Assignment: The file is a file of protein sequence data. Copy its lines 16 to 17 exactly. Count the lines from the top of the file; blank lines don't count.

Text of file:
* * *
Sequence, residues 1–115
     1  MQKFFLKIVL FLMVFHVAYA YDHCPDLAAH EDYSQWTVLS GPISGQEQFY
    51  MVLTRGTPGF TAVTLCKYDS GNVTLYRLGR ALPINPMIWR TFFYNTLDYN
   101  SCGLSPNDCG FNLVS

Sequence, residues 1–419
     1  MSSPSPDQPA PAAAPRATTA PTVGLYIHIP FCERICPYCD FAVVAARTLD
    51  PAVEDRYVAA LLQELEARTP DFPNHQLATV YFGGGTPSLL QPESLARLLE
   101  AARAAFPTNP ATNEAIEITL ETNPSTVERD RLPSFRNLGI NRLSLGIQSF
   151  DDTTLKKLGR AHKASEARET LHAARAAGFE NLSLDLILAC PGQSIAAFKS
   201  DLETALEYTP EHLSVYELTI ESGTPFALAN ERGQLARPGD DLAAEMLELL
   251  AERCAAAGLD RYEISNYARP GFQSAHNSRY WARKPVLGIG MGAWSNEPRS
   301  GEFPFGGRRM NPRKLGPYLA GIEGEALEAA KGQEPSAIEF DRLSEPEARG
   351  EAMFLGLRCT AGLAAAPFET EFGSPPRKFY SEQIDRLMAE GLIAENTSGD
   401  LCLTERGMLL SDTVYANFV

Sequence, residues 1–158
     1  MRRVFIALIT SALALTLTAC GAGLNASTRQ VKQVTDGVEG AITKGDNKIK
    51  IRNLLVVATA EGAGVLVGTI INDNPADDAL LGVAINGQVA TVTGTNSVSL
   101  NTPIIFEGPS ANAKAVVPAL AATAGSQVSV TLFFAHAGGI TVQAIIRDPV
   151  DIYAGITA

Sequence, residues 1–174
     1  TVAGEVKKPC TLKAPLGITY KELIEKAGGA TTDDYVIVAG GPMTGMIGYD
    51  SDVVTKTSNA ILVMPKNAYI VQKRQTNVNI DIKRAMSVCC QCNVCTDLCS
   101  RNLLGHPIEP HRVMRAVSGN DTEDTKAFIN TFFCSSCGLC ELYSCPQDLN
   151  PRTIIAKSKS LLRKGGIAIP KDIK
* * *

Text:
     1  MRRVFIALIT SALALTLTAC GAGLNASTRQ VKQVTDGVEG AITKGDNKIK
    51  IRNLLVVATA EGAGVLVGTI INDNPADDAL LGVAINGQVA TVTGTNSVSL